17 Dec. 45

agricultural conditions. An attempt might be made to intensify cultivation in these areas by expanding the acreage under potatoes or other important food crops giving a high yield. However, these measures will not avert famine. Many tens of millions of people in this area will become redundant and will either die or have to emigrate to Siberia. Any attempt to save the population there from death by starvation, by importing surpluses from the black-soil zone, would be at the expense of supplies to Europe. It would reduce Germany's staying power in the war and would undermine Germany's and Europe's power to resist the blockade. This must be clearly and absolutely understood."
I next quote from Page 5, lines 18 to 30 of the English text. The German text is at Page 12, lines 1 to 11.

"I. Supplies for the Army:

"Germany's food situation in the third year of war demands, imperatively, that the Wehrmacht, in all its provisioning, must not live off Greater German territory or that of incorporated or friendly areas from which this territory receives imports. This minimum aim, the provisioning of the Wehrmacht from enemy territory in the third year and if necessary in later years, must be attained at any price. This means that one-third of the Wehrmacht must be fully provisioned by French deliveries to the army of occupation. The remaining two-thirds (and even slightly more in view of the present size of the Wehrmacht) must without exception be provisioned from the Eastern areas."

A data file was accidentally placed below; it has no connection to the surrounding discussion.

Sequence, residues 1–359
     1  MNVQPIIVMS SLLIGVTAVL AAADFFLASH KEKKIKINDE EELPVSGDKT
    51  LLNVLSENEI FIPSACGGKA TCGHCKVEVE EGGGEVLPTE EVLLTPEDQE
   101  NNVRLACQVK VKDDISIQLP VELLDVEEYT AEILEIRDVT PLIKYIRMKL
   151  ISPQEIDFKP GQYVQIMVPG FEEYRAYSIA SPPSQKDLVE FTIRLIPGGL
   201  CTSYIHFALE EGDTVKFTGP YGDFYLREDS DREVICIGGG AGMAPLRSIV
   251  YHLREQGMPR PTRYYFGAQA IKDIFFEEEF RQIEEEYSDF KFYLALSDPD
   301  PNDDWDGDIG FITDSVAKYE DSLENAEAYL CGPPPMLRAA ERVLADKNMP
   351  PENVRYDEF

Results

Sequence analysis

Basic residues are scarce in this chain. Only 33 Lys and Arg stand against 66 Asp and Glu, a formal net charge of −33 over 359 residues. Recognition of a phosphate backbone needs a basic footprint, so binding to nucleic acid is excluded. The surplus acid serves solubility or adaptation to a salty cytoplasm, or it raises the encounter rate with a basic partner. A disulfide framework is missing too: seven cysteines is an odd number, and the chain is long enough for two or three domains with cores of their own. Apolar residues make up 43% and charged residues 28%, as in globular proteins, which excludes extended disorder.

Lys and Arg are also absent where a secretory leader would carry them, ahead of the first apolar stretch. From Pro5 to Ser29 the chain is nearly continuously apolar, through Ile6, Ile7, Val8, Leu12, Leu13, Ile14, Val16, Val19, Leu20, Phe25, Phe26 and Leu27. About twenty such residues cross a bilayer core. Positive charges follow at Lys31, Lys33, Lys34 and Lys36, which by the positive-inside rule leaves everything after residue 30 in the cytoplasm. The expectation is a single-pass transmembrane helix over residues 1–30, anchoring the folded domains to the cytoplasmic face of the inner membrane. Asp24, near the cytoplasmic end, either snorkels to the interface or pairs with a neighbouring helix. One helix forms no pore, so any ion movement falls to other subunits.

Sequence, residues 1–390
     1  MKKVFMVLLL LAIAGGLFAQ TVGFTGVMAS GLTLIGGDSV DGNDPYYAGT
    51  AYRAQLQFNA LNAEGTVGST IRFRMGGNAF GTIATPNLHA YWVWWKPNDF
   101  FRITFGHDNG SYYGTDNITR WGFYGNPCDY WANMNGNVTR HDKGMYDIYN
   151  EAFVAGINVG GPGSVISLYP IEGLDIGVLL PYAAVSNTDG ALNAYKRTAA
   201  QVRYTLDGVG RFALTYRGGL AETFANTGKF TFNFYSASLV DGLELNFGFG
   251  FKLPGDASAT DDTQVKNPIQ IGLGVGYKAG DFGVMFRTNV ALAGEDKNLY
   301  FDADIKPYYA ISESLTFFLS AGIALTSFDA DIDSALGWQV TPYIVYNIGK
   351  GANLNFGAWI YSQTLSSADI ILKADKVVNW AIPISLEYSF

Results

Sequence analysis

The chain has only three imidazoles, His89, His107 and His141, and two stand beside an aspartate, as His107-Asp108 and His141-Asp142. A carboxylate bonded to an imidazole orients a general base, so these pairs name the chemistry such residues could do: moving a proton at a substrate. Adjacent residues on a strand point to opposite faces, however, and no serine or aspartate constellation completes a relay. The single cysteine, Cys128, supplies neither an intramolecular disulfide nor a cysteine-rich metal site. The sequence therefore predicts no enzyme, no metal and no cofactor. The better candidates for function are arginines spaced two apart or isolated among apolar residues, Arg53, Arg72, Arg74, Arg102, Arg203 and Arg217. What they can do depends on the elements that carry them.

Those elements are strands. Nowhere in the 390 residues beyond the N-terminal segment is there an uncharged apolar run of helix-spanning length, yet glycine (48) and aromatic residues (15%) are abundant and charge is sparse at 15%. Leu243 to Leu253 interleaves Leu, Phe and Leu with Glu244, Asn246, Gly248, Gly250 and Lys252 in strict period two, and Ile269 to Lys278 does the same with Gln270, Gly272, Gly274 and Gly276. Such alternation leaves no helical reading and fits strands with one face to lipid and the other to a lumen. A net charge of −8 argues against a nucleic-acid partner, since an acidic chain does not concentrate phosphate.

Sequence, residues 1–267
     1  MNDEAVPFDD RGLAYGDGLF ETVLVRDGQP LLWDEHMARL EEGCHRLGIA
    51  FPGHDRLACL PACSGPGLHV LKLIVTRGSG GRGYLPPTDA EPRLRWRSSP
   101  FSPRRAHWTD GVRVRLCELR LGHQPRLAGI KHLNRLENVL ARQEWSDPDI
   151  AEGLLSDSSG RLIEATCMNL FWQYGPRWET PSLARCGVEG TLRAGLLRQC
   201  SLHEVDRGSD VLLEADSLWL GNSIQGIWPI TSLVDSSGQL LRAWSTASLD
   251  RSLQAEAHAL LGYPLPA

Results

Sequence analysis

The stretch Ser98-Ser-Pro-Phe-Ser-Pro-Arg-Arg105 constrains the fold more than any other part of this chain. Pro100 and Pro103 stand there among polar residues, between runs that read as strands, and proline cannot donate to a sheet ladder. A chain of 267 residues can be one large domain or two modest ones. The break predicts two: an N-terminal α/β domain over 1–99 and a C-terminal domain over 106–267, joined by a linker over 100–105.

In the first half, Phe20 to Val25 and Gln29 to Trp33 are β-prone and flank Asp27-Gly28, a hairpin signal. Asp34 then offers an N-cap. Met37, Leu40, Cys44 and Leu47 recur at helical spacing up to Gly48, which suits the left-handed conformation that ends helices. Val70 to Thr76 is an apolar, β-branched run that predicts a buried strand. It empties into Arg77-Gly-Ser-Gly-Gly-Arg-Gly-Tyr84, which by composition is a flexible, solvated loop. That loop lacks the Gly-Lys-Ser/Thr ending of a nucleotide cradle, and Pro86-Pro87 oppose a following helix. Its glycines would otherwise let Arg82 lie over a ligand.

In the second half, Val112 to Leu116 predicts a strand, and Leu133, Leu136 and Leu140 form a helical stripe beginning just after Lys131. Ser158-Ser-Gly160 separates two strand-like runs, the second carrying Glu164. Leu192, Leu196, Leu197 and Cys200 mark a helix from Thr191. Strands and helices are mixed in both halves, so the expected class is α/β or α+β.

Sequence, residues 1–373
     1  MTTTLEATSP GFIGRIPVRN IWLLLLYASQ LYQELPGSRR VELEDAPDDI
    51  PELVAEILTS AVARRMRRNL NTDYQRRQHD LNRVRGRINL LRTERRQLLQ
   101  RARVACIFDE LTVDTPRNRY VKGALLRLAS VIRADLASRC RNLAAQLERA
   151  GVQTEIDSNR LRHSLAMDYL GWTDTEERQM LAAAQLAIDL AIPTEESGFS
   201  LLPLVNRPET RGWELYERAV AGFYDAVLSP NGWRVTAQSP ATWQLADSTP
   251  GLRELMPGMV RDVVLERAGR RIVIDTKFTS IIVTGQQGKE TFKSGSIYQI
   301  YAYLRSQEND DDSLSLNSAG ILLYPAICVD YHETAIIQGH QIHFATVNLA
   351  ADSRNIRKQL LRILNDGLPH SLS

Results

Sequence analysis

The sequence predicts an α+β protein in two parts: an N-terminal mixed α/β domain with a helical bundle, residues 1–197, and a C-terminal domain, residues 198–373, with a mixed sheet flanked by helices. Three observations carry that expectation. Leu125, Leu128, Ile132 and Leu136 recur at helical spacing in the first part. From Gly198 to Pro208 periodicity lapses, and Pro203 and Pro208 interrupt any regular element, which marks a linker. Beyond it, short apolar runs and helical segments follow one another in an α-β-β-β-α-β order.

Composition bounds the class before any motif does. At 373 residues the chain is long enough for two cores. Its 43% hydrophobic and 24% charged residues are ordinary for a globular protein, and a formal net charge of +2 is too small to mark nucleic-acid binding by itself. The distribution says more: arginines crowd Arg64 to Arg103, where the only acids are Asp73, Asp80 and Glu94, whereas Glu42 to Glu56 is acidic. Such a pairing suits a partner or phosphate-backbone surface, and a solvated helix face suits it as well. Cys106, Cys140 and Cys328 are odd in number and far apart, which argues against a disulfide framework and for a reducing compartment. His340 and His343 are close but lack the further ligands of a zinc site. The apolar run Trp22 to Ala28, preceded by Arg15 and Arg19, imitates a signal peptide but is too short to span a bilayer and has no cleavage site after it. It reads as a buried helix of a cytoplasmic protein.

I now quote from Page 8 of the English text, the last nine lines. The German text is at Page 18, lines 15 to 22:

"Thus it is not important, under any circumstances, to preserve what has existed; but what matters is a deliberate turning away from the existing situation and introducing Russian food resources into the European framework. This will inevitably result in an extinction of industry as well as a large part of the people in what so far have been the food-deficit areas."
It is impossible to state this alternative in sufficiently hard and severe terms.

My next quotation is from the first 10 lines of Page 9 of the English text. The German text is at Page 19, lines 11 to 20:

"Our problem is not to replace intensive food production in Europe through the incorporation of new space in the East, but to replace imports from overseas by imports from the East. The task is two-fold: